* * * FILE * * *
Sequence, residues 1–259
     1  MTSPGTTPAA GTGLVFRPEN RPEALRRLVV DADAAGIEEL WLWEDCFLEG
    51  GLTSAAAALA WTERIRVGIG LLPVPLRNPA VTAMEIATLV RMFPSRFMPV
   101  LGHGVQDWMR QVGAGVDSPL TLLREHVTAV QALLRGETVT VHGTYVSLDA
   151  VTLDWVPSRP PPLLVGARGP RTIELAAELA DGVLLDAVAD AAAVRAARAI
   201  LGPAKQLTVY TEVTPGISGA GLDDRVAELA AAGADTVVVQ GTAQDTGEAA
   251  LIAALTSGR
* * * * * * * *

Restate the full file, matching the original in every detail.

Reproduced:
Sequence, residues 1–259
     1  MTSPGTTPAA GTGLVFRPEN RPEALRRLVV DADAAGIEEL WLWEDCFLEG
    51  GLTSAAAALA WTERIRVGIG LLPVPLRNPA VTAMEIATLV RMFPSRFMPV
   101  LGHGVQDWMR QVGAGVDSPL TLLREHVTAV QALLRGETVT VHGTYVSLDA
   151  VTLDWVPSRP PPLLVGARGP RTIELAAELA DGVLLDAVAD AAAVRAARAI
   201  LGPAKQLTVY TEVTPGISGA GLDDRVAELA AAGADTVVVQ GTAQDTGEAA
   251  LIAALTSGR